Does the Navy Need 300 Ships?

Defense Secretary Robert Gates interviewed in Washington by Bob Schieffer for "Face the Nation," Friday, April 9, 2010. FTN CBS

Defense Secretary Robert Gates on Monday called into question the U.S. Navy's heavy and expensive arsenal of ships and submarines.

In a speech before naval officers and contractors, Gates did not say he was planning to cut any programs or its budget.

But he did say the military must rethink whether it can afford such a massive naval fleet at a time when the Army and Marine Corps need more money to take care of troops and their families.

"Do we really need 11 carrier strike groups for another 30 years when no other country has more than one?" Gates asked.

He noted that the Navy's most expensive resources are not on the front lines when it comes to countering many modern threats, such as piracy.

"As we learned last year, you don't necessarily need a billion-dollar guided missile destroyer to chase down and deal with a bunch of teenage pirates wielding AK-47s" and rocket-propelled grenades, Gates said.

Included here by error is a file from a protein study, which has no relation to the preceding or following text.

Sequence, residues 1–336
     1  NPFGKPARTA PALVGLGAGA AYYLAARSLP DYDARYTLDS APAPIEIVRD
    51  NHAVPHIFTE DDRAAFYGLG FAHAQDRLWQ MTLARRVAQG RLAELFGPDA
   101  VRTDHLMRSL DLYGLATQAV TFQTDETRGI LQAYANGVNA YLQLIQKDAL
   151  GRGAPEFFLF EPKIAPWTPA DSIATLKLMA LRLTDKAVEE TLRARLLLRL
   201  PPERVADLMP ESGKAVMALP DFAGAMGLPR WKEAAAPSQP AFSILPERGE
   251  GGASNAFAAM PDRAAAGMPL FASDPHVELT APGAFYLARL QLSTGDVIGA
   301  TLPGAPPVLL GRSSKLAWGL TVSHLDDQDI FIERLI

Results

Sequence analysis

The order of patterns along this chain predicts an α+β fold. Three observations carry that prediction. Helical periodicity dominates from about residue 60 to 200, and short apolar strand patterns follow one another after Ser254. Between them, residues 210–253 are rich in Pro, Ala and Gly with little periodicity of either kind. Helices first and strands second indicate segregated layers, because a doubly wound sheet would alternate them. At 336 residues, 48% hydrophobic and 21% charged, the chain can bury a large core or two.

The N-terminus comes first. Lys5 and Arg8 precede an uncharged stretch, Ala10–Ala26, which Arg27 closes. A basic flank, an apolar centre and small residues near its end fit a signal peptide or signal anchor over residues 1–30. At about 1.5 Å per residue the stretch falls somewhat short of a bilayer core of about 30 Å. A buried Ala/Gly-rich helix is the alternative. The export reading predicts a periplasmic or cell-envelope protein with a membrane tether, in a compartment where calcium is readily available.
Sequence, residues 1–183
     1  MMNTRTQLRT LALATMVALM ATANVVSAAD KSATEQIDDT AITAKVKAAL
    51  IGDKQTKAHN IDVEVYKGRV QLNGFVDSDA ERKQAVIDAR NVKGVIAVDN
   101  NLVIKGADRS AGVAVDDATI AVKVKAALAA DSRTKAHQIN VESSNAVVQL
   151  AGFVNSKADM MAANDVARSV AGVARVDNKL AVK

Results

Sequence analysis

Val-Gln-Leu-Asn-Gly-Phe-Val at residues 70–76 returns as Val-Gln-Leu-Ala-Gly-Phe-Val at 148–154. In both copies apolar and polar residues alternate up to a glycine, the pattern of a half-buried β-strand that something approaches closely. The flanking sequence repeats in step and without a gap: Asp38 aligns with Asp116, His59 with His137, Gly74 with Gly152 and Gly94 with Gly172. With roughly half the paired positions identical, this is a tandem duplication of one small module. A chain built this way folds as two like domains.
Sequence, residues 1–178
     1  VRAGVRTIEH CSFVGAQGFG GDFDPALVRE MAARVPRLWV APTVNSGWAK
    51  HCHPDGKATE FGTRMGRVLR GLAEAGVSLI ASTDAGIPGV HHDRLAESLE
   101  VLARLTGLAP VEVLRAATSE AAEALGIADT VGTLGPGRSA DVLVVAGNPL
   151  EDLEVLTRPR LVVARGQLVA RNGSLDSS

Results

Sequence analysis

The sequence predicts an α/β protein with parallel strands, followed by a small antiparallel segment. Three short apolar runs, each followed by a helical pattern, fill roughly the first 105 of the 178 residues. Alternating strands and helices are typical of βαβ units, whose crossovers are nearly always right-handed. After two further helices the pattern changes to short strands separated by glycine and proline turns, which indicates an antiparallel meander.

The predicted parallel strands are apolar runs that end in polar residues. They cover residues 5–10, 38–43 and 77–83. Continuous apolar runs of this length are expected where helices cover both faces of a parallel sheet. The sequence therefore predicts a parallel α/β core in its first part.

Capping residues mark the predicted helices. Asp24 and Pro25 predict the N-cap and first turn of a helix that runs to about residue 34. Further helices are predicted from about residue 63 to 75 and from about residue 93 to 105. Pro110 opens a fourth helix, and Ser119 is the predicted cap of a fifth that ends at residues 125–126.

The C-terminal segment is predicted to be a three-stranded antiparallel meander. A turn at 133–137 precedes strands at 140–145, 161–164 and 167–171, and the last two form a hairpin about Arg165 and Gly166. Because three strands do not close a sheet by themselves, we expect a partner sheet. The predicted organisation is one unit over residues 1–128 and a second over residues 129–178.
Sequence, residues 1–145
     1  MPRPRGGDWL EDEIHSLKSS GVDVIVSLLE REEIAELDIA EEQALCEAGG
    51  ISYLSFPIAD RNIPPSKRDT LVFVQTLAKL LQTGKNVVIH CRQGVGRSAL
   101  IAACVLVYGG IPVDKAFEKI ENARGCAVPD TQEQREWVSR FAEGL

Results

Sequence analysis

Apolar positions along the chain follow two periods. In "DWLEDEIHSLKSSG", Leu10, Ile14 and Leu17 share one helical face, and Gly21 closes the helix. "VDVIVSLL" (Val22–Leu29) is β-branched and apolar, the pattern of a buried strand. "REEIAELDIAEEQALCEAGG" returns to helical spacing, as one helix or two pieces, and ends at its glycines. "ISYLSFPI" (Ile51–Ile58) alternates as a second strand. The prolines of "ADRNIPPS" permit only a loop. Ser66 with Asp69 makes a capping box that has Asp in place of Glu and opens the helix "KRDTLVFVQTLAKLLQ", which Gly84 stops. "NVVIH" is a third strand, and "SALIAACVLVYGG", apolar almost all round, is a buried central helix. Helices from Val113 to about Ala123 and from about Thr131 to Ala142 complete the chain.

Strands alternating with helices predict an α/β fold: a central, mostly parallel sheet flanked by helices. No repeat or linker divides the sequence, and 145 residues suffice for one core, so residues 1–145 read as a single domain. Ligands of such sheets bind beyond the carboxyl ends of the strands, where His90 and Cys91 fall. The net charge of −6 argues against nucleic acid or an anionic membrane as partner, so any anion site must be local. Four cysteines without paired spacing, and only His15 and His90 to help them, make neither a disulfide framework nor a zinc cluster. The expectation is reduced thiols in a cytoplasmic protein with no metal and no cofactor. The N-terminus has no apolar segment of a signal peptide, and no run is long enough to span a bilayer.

John Pike, director of the GlobalSecurity.org defense website based said this is the first time, as far as he knows, that Gates has addressed the cost of maintaining the roughly 300-ship Navy.

Pike said that Gates, by raising the issue of the size and composition of the fleet with the Navy league, had entered "the Lion's den" - a reference to the pushback he's likely to get from Congress. Many lawmakers protect the Navy shipbuilding industry because it means jobs in their districts.

Gates said the military still has a way to go to develop capabilities useful in places such as Afghanistan, where small insurgent groups are the primary threat, and Haiti, where the military is aiding humanitarian workers.

This year, the Defense Department requested nearly $190 billion to buy and develop weapons, but only 10 percent of that is dedicated toward counterinsurgency, humanitarian and similar missions.

"This approach ignores the fact that we face diverse adversaries with finite resources that consequently force them to come at the U.S. in unconventional and innovative ways," he said.
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